The Role of Intuition in Mediation

I read with interest Greg Rooney’s paper on ‘Rebooting Mediation by Detaching from the Illusions of Neutrality, Just Outcomes and Balanced Power’. Rooney is a very experienced practitioner and teacher of mediation. His paper proposes ‘to reboot the profession of mediation by championing the proposition that mediators are not neutrals. They bring their own personal history and professional expertise to the process of assisting parties who are in dispute.’

The reason Rooney gives for rejecting neutrality is that it ‘is physically impossible to attain as a personal attribute for a mediator or a practitioner in any other profession or field.’ This is, of course, not a new point: scholars have been critiquing the notion of neutrality in mediation for some time. However, Rooney builds on his rejection of neutrality to offer some interesting insights about the role of intuition in guiding mediation practice.

I agree with Rooney that neutrality is not a helpful ideal to guide mediation practice and ethics, although I think he sometimes overstates the point. For example, he contends that efforts to balance neutrality against other aims of the mediation process are flawed because ‘you cannot be half neutral or unbiased in the much the same way as you cannot be half pregnant. You are either neutral or unbiased or you are not.’

However, even if the ideal of absolute neutrality is unattainable, it is surely true that some mediators are more neutral or unbiased than others. A mediator who deliberately and openly intervenes in the process to favour one party is likely to be less neutral than one who tries hard to be balanced, even though both will be influenced to some extent by personal biases. Neutrality, then, is potentially a matter of degree.

The point remains, however, that the ideal of absolute or pure neutrality is not a helpful practical guide for mediators in shaping their practices. A similar observation applies to the ideas of just outcomes and balanced power. Some outcomes are more just than others and some power dynamics are more unbalanced than others. Mediators can sometimes influence these variables in helpful ways. However, the pure ideals of absolute justice and absolute power balance are unlikely to be helpful guides to mediators in practice.

Rooney helpfully observes that mediation is both dynamic and diachronic (my terms, not his). The mediator herself influences the dynamics between the parties, which are constantly shifting over time. This means that ideals such as neutrality ‘have to be assessed within the context of the fluidity of moment to moment events’. This is another reason why a perfect state of neutrality or balanced power is unattainable in practice.

The misleading focus on neutrality in mediation, Rooney argues, has led to a model of mediation training where the focus is on guiding or transforming the parties rather than on developing the mediator’s own capacity for self-awareness. Rooney suggests that more attention should be paid to how mediators make decisions about how to behave. Mediators should cultivate their capacity for mindfulness and self-reflection.

‘The first step’ in this process, Rooney argues, ‘is for practising mediators to be conscious of what they are thinking’. Another way of putting this might be that mediators should develop their capacity for reflexivity: the ability to recognise one’s subjectivity and viewpoint when assessing a situation. Rooney describes the self-aware mediator as entering a ‘state of reverie’ where she can draw intuitively on knowledge from past experiences.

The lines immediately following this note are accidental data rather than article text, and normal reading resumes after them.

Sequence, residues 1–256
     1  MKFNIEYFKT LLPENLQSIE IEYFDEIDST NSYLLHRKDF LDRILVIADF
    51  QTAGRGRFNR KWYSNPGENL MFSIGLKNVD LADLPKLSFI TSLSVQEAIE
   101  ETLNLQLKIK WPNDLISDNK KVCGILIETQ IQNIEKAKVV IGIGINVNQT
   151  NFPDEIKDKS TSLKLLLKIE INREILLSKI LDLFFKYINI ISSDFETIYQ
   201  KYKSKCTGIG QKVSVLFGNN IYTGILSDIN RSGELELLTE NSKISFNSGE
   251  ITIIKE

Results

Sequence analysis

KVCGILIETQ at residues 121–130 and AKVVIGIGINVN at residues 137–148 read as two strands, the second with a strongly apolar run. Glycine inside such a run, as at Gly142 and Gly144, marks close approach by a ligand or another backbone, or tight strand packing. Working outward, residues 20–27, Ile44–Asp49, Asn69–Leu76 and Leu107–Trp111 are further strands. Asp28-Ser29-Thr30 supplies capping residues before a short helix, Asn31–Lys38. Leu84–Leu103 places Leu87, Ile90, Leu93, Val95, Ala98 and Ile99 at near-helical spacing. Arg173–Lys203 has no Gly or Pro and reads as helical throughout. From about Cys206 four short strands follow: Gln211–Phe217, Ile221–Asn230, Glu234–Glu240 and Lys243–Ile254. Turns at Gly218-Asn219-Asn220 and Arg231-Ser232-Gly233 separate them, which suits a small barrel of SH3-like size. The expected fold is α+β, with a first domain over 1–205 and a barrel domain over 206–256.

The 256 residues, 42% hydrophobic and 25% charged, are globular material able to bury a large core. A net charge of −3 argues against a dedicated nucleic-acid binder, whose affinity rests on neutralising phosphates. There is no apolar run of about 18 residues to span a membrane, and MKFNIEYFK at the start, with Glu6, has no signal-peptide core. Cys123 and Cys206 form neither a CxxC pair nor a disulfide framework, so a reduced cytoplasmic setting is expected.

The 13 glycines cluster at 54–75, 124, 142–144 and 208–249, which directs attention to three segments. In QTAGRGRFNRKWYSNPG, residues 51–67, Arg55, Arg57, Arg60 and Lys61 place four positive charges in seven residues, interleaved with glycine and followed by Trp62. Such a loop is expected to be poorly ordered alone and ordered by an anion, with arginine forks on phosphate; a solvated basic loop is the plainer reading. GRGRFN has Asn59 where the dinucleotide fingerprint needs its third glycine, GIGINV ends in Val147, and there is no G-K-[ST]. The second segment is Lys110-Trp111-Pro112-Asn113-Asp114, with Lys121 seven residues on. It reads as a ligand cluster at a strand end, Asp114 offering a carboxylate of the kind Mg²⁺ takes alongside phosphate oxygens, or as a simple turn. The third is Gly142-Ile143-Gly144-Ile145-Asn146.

The underlying point here – leaving aside Rooney’s excursions into Buddhist philosophy and The Legend of Bagger Vance – is to highlight the central role of intuition in shaping mediation practice. Intuition, Rooney notes, ‘can produce a rich source of data which is immediate and specific to the parties at that particular point in time’. Intuitive judgments, then, are tailored to particular cases in a way that general principles and values cannot be. These judgments can then form the basis for further self-reflection and refinement of practice.

The role of intuitions in mediation ethics was a central focus of my recent article on ‘Ethics and the Mediation Community’ in the Australasian Dispute Resolution Journal. I have also explored the role of intuitive judgments in law more generally. I agree with Rooney that this represents an important and neglected focus of mediation research. It is heartening to see sustained and insightful reflection on this issue by such an experienced mediator.

Further reading

Jonathan Crowe, ‘Ethics and the Mediation Community’ (2015) 26 Australasian Dispute Resolution Journal 20

Jonathan Crowe, ‘The Role of Contextual Meaning in Judicial Interpretation’ (2013) 41 Federal Law Review 417

Jonathan Crowe, ‘Pre-Reflective Law’ in Maksymilian Del Mar (ed), New Waves in Philosophy of Law (Palgrave Macmillan, 2011)

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About Jonathan Crowe

Jonathan Crowe is Professor of Law at Bond University. His research explores the philosophical relationship between law and ethics, looking at issues such as the nature and foundations of legal obligation and the role of ethics in legal reasoning.

One thought on “The Role of Intuition in Mediation

  1. Thank you for bringing this into the foreground Jonathan. I think this is an interesting companion piece to the material presented by Mayer in ‘Beyond Neutrality’. Overcoming the myth of neutrality coupled with the heightened awareness achieved through a mindful practice seems to present a very compelling model of an effective mediation practitioner.

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